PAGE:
On the emotional side, anyone may enjoy this like they might enjoy a crack injection; after all, this is about as coherent as that little trip appears to be when you hear crackheads speak. On the intellectual side, there are plentiful experiments that provide a listener with new patterns and textures to brood over. However, these are interesting not for what they tell, but only for their outer craftsmanship. As an integral whole, however, Voix is nothing except in the minds of those who would impose on it an artificially-created meaning from the outside.
Following up on Vic Records’ reissue of Christbait a couple months ago, Dunkelheit Produktionen from Germany is preparing a reissue of that album’s followup. O Agios Pethane also got a good review from the Dark Legions Archives at some point in the past and is presumably a worthy continuation of the band’s career in a similar style. The album is currently available for preorder from Dunkelheit’s online store and will be officially available on March 20th, 2016. Like its predecesssor, it should serve as a historic example of well written grindcore/death metal, although any band seeking to draw inspiration from it may need to also pull from other sources in order to produce something valuable.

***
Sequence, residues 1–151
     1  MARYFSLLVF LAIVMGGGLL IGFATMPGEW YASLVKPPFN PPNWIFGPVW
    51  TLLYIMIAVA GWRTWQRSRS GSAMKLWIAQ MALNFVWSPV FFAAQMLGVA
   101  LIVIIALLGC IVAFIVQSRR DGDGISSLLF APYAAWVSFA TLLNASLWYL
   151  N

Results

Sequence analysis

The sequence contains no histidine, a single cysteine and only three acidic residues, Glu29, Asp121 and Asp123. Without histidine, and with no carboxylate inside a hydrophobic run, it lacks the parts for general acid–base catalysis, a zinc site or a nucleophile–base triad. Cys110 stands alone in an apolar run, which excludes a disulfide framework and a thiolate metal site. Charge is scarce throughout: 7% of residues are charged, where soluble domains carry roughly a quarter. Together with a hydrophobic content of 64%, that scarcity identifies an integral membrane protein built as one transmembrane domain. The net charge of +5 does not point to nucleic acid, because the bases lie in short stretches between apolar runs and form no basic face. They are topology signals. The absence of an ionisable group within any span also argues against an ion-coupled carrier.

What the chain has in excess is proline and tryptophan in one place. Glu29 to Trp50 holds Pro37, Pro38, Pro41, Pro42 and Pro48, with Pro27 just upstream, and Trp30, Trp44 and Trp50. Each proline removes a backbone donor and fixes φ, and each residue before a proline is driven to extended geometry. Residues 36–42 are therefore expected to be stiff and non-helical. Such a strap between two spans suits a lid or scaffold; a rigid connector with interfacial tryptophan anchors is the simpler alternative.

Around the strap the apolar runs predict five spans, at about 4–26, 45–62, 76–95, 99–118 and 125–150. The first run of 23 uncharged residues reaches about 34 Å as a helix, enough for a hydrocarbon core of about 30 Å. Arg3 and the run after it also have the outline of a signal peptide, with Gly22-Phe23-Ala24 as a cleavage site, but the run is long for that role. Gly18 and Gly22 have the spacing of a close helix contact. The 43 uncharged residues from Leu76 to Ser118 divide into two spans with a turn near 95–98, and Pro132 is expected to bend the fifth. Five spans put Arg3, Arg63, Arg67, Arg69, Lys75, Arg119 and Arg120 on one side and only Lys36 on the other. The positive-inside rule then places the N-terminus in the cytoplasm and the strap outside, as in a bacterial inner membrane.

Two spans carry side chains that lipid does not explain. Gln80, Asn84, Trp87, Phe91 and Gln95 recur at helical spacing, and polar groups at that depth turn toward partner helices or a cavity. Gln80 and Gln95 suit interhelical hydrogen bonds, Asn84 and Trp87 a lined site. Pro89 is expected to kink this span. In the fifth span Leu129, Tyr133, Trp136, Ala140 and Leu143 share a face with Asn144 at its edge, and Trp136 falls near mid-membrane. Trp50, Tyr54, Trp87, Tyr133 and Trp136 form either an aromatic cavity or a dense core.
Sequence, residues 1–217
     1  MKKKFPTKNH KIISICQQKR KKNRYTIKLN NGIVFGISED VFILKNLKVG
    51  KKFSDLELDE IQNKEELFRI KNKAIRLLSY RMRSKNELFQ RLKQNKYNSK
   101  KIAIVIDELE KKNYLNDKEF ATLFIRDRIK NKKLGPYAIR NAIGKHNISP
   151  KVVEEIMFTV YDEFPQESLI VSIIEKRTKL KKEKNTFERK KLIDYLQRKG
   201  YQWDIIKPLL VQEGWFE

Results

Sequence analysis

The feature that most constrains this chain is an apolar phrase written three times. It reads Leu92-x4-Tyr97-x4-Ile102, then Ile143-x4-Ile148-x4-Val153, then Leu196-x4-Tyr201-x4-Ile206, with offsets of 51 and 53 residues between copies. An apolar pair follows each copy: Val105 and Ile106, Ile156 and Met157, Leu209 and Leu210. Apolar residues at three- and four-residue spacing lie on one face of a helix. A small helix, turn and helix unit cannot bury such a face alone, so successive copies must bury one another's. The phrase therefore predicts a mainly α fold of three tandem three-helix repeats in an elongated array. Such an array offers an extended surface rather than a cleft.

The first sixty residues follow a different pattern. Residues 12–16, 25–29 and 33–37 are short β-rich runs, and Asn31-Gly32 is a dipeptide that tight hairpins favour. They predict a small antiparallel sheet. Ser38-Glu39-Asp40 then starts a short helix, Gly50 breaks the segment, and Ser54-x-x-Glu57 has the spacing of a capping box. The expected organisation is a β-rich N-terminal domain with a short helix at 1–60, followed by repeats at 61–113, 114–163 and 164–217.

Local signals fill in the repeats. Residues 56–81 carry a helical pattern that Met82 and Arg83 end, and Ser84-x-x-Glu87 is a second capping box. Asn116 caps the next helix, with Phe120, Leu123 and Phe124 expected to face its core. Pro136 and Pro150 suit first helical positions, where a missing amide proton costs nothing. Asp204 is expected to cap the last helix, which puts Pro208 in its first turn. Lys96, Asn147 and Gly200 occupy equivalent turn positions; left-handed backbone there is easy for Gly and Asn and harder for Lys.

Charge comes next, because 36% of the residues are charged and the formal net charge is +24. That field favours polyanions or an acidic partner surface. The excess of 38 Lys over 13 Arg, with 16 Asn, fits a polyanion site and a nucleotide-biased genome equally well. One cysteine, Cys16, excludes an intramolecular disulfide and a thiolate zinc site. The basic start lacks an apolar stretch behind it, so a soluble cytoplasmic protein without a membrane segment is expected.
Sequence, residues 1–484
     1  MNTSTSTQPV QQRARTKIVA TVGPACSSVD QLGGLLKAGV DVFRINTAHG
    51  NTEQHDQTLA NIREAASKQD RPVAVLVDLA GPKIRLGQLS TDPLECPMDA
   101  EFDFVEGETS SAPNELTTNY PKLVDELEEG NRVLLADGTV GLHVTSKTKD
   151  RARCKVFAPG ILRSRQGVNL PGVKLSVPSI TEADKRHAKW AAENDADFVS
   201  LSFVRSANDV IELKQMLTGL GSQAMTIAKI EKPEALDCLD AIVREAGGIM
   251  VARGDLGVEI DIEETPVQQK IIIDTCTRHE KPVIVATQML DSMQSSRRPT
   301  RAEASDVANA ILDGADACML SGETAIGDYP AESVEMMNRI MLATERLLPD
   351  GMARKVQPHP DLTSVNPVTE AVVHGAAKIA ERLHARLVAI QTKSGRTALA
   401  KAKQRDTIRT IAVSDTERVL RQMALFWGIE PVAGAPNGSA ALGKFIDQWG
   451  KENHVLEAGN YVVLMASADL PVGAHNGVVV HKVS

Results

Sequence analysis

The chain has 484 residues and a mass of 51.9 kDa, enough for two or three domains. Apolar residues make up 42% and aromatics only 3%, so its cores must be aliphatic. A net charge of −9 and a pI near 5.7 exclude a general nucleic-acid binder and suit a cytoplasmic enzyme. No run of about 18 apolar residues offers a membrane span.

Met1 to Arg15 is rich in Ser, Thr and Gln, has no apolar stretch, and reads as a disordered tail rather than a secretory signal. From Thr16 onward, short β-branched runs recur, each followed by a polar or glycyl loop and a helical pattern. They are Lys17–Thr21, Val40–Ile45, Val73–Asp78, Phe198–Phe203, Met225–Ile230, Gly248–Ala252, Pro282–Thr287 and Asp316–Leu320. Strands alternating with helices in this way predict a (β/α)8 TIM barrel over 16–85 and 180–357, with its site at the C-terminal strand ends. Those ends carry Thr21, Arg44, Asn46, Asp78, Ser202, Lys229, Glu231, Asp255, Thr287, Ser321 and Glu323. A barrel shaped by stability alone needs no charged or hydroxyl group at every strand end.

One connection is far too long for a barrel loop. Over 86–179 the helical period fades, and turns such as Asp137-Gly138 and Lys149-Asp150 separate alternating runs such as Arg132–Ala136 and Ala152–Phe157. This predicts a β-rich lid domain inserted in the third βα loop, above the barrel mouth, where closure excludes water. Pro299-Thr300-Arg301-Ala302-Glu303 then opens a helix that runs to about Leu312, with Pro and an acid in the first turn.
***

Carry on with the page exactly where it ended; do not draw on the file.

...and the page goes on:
With the metal scene as it is these days, one out of three DMU-approved bands isn’t too bad. Marduk, Immolation, Origin, and a band named Bio-Cancer will be touring Europe throughout May 2016. While Marduk is headlining, their companions in general seem to have similar levels of notoriety; I wouldn’t dwell too much on the specifics of the headlines. I’m betting European fans of Death Metal Underground’s writing will treat this as a possible opportunity to see Immolation in concert. While that’s an optimistic appraisal, the band allegedly gives their older and stronger some emphasis when live, so if you can grit your teeth through the other material it could very well be worth your while. Otherwise, you’ll have to hope there’s good beer… and that there’s plenty of beer money in your pockets.
The folks at Loudwire recently conducted an interview with Tom Araya. In it, Araya talks about a great swathe of topics relating to his career with Slayer; what particularly stood out to me was his discussion of what went into Repentless. While we’ve probably reiterated more than enough that Repentlesswasn’t very good, it’s still interesting reading about the differences Araya perceives between it and previous albums. There’s also some bits of interesting trivia in there that I personally wasn’t aware of before; such as Araya’s affinity for ’70s rock and the Beach Boys, and the varying work ethics and styles of various bandmembers past and present.